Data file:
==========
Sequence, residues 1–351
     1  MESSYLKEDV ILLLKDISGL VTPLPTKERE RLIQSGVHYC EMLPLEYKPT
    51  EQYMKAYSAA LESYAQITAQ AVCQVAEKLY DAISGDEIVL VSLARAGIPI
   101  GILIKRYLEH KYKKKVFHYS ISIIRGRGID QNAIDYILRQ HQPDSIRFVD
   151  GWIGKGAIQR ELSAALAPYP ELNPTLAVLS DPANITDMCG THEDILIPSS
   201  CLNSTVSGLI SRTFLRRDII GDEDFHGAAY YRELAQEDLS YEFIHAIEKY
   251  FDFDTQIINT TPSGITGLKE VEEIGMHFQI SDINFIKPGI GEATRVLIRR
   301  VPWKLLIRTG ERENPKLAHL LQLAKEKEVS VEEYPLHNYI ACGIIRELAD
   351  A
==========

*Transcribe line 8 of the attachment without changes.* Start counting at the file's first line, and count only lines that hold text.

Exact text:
   301  VPWKLLIRTG ERENPKLAHL LQLAKEKEVS VEEYPLHNYI ACGIIRELAD